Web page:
How to Measure Square Footage for Painting Walls

How to Measure Square Footage for Painting Walls

Before you begin painting your home’s interior walls, ceiling, woodwork, doors, or windows, you need to estimate the amount of paint you’ll use. Estimates require specific calculations for each surface you want to paint.

Purchasing enough paint for an entire room all in one batch helps ensure the colour stays consistent since the paint can be mixed all at once. On the other hand, if you buy only 1 gallon of custom-tinted paint and then go back later for more of the same colour, you may be in for an unpleasant surprise when the paint doesn’t quite match. Calculating the room’s square footage ahead of time helps ensure you buy enough paint for the job the first time. Check out Hitch Property Constructions for a huge range of melbourne home painter services.

To estimate the amount of paint you need in order to cover the walls of a room, add together the length of all the walls and then multiply the number by the height of the room, from floor to ceiling. The number you get is the room’s square footage. Is that math class coming back to you now?

Now you have to determine how much of that square footage is paintable surface area. Because you use a different paint on the doors and windows, subtract those areas from the room total. No sweat, just subtract 20 square feet for each door and 15 square feet for each average-sized window in the room. You end up with a number that is close to the actual wall area you have to cover with paint.

Now for the clincher of the math problem. Divide the paintable wall area by 350 (the square-foot coverage in each gallon can) to find the number of gallons of paint you need for the walls. You can round uneven numbers; if the remainder is less than .5, order a couple of quarts of wall paint to go with the gallons; if the remainder is more than .5, order an extra gallon. Of course, buying in bulk is usually more economical, so you may discover that 3 quarts of paint cost as much as a gallon.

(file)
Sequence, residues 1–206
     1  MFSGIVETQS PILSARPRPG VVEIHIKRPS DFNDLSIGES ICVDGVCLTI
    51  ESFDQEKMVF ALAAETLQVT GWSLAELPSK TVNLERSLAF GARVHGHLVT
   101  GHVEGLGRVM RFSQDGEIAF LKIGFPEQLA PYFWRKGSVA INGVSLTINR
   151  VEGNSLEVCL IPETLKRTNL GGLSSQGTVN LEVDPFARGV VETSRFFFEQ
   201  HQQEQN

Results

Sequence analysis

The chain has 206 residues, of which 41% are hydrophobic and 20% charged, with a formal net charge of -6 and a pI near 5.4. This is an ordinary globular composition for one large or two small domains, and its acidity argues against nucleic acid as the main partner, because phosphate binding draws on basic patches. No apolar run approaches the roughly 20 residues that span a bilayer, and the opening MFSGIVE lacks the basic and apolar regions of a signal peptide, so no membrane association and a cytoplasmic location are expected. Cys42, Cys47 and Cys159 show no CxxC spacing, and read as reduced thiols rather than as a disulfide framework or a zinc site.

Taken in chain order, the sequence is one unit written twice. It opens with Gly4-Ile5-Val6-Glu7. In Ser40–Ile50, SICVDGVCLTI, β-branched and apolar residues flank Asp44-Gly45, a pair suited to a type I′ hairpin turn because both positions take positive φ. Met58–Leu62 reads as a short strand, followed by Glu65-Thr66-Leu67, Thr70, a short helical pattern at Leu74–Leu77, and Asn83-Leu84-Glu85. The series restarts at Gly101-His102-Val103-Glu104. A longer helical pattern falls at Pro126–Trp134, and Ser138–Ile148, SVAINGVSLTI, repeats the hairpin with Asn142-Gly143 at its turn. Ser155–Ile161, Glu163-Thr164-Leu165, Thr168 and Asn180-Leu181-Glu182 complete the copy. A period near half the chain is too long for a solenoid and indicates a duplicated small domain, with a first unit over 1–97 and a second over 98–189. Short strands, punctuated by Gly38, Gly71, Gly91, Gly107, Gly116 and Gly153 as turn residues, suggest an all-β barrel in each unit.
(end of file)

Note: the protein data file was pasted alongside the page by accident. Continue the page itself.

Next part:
7 Steps on How to Estimate a Painting Job

Estimating a painting job can be tough for those new to the painting business. You don’t want to bid so high that you don’t get the job. Nor do you want to price yourself so low you don’t make a profit.

Thankfully, if you follow the below seven steps, you’ll be making profitable, attractive estimates in no time.At Hitch Property Constructions, we offer Melbourne home painting services.

Do a Site Visit

Do yourself a favour and visit the site first before you start your estimate. There could be factors that will up the price like the poor condition of the walls. You’ll need more paint if you’re covering dark walls. Multiple accent walls and different colours will take more time.

Then, take a laser measure and measure the space for yourself. Ask the customer if they just want the walls painted, or the ceiling, trim and doors as well. Ask if they’ll supply the paint and if not, do they need a specific brand and will the colours need to be custom mixed, recommends Jobber.

Asking all of these questions beforehand will make your estimate more accurate and save you trouble down the line. If you’re inexperienced at painting or estimating, try to bring someone more experienced to the job site with you.

Estimate the Cost of Paint

Paint can cost from $15 to $80 a gallon depending on the brand, your discount and the quality. Contractors typically pay up to $45 per gallon, according to Painting Leads.

Ask your paint supplier if they give a contractor discount. They’ll be much more willing to cut you a break if you’re buying lots of paint every month and you have a good relationship with them. It may take time before you can get a sizable break on your paint costs, so don’t rely on this in the beginning.

Now that you’ve chosen your paint take your measurements from step one and figure out how much paint you’ll need for the job.

Let’s say the paint is $25 per gallon. Here are some rough estimates for either the exterior or interior of a house, including body and trim:

  • 1,500 square foot house: 10 gallons, $250 cost of paint
  • 2,500 square foot house: 15 gallons, $375 cost of paint
  • 4,000 square foot house: 25 gallons, $625 cost of paint